Having Robert Plant on the cover of this DVD release is a little misleading. Sure the one-time golden god of rock is the underlying theme here, but he doesn’t get the majority of the coverage.
“Blue Note” is more about the many genres of music Plant has played in his nearly-50-year career than on the man himself. The two-hour-plus documentary opens with an in-depth look at the Mississippi Delta Blues and how it made its way to England to start the British Blues scene which Plant cut his teeth on. The very in depth chapter focuses heavily on blues greats like Howlin’ Wolf, Muddy Waters and Robert Johnson.
This lead to many English bands being formed with blues influences including an early version of the Yardbirds with an upstart guitar player named Jimmy Page. Plant and Page met, Led Zepplin was born and the rest as they say is history.
“Blue Note” also follows Plant post-Zepplin touching base on his very successful solo career from 1982’s debut Pictures at Eleven to 1993’s Fate of Nations. During this time Plant was all over MTV and had numerous pop rock hit songs. After that, Plant’s journey led him to form the side bands Priory of Brion where he explored the tiny villages of Africa and educated himself on their music. Later on, Plant formed Band of Joy, where he went back to his roots covering blues classics.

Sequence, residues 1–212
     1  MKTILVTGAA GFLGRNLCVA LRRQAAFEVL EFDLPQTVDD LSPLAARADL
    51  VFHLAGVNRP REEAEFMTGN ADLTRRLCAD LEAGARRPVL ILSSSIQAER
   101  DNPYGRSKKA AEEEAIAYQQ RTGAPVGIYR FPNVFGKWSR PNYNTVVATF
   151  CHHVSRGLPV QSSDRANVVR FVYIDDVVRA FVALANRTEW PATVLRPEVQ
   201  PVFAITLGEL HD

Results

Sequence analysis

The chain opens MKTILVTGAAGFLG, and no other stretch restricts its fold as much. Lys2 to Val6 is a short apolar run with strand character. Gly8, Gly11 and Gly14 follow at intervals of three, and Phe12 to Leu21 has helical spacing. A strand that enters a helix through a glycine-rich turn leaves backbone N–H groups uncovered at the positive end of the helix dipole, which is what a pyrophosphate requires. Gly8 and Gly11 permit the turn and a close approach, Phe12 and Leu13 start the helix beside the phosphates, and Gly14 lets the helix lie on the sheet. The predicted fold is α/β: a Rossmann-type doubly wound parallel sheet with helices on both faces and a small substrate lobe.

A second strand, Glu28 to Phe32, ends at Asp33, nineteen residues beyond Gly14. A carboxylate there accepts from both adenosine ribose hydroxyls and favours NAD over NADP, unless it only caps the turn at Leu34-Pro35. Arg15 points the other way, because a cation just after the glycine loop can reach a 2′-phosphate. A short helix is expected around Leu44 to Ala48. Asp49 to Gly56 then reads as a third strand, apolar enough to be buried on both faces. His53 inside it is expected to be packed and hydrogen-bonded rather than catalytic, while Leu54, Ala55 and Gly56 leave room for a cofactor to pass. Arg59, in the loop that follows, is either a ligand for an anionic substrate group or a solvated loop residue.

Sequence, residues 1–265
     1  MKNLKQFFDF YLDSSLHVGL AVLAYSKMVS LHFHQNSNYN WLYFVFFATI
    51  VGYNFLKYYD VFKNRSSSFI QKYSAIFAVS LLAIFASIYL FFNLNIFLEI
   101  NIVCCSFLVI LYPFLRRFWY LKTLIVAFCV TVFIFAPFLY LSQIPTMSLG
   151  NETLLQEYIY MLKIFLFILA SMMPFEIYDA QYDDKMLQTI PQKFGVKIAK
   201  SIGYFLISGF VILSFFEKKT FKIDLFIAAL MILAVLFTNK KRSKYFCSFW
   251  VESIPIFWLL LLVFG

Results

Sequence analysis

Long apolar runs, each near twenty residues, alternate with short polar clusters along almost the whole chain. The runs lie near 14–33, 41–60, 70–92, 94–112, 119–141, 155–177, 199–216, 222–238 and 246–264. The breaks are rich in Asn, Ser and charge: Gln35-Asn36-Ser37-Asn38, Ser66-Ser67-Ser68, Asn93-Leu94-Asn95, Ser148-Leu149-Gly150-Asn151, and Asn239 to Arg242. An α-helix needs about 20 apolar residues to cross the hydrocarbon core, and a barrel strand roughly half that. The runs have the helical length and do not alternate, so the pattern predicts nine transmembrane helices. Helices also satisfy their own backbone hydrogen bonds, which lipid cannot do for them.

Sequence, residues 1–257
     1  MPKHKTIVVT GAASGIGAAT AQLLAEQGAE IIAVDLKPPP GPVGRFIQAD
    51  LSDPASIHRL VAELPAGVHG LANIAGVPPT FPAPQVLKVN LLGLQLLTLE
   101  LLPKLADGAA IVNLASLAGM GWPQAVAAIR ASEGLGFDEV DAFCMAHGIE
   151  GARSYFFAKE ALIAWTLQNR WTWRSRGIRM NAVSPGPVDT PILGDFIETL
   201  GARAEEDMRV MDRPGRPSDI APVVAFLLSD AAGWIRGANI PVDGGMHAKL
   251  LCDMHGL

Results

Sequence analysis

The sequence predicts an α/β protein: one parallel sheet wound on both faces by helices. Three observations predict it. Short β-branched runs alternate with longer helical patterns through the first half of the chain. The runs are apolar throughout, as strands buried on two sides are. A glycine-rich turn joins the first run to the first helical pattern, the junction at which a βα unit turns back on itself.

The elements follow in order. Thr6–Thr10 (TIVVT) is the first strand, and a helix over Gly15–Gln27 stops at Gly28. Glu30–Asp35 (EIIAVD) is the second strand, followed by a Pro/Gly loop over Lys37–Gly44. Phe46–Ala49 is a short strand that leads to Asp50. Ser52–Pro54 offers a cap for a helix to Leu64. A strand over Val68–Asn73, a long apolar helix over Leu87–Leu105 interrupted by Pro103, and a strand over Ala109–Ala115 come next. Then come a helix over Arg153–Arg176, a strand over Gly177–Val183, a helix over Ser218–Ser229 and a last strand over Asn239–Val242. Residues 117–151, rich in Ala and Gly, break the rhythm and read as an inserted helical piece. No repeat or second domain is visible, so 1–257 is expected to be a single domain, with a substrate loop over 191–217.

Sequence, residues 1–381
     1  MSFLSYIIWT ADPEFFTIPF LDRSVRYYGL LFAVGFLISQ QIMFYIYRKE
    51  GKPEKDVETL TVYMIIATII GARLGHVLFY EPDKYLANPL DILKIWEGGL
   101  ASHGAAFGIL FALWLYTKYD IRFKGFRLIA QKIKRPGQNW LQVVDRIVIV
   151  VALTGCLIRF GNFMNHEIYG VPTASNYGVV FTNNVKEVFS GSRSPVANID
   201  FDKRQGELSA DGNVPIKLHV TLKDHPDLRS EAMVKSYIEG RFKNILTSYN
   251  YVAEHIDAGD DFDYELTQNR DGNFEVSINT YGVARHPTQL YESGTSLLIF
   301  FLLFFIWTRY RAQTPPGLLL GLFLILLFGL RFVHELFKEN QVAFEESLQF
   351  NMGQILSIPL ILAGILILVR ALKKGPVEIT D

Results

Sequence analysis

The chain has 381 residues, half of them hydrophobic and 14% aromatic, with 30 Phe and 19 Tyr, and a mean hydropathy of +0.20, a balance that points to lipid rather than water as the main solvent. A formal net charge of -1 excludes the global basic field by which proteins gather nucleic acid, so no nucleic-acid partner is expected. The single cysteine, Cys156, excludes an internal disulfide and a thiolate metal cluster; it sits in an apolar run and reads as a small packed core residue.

The final chapter of the story talks at length about Plants adventure into the Tennessee Appalachian music scene where he teamed up with Alison Krauss for their Grammy-Winning collaboration Raising Sand.
Let it be known throughout the DVD there are no current interviews with Plat or Page for that matter, they are all snippets from other interviews they have done during that specific time period. There is a host of interviews with journalists, producers and other band members.
Overall “Blue Note” is actually more interesting for its back story of music genres which it covers than Robert Plant himself. At over two hours the DVD is packed with a lot of interesting history and footage, but at the same time runs a bit long to hold your attention.